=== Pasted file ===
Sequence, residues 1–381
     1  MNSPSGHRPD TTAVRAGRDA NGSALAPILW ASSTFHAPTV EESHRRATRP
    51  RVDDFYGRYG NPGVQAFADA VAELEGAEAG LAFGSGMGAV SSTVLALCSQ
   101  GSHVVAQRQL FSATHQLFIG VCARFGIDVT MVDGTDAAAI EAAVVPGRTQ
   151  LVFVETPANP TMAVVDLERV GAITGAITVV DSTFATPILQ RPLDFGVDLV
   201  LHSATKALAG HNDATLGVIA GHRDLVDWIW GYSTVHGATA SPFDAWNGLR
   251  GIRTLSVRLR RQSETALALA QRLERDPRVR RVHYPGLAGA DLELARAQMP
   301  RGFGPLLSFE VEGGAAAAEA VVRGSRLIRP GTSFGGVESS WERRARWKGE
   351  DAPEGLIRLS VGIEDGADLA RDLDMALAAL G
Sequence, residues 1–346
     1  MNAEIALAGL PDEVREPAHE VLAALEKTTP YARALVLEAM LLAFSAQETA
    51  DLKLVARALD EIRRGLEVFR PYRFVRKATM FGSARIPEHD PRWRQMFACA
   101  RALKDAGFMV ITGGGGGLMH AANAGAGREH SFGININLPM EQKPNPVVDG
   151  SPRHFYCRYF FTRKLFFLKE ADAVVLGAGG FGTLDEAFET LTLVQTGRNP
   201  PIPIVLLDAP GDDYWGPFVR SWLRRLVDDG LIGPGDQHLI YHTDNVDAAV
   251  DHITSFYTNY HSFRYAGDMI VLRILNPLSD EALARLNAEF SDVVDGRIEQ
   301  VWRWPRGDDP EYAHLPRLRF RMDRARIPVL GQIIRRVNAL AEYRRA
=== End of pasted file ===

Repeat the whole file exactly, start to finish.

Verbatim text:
Sequence, residues 1–381
     1  MNSPSGHRPD TTAVRAGRDA NGSALAPILW ASSTFHAPTV EESHRRATRP
    51  RVDDFYGRYG NPGVQAFADA VAELEGAEAG LAFGSGMGAV SSTVLALCSQ
   101  GSHVVAQRQL FSATHQLFIG VCARFGIDVT MVDGTDAAAI EAAVVPGRTQ
   151  LVFVETPANP TMAVVDLERV GAITGAITVV DSTFATPILQ RPLDFGVDLV
   201  LHSATKALAG HNDATLGVIA GHRDLVDWIW GYSTVHGATA SPFDAWNGLR
   251  GIRTLSVRLR RQSETALALA QRLERDPRVR RVHYPGLAGA DLELARAQMP
   301  RGFGPLLSFE VEGGAAAAEA VVRGSRLIRP GTSFGGVESS WERRARWKGE
   351  DAPEGLIRLS VGIEDGADLA RDLDMALAAL G
Sequence, residues 1–346
     1  MNAEIALAGL PDEVREPAHE VLAALEKTTP YARALVLEAM LLAFSAQETA
    51  DLKLVARALD EIRRGLEVFR PYRFVRKATM FGSARIPEHD PRWRQMFACA
   101  RALKDAGFMV ITGGGGGLMH AANAGAGREH SFGININLPM EQKPNPVVDG
   151  SPRHFYCRYF FTRKLFFLKE ADAVVLGAGG FGTLDEAFET LTLVQTGRNP
   201  PIPIVLLDAP GDDYWGPFVR SWLRRLVDDG LIGPGDQHLI YHTDNVDAAV
   251  DHITSFYTNY HSFRYAGDMI VLRILNPLSD EALARLNAEF SDVVDGRIEQ
   301  VWRWPRGDDP EYAHLPRLRF RMDRARIPVL GQIIRRVNAL AEYRRA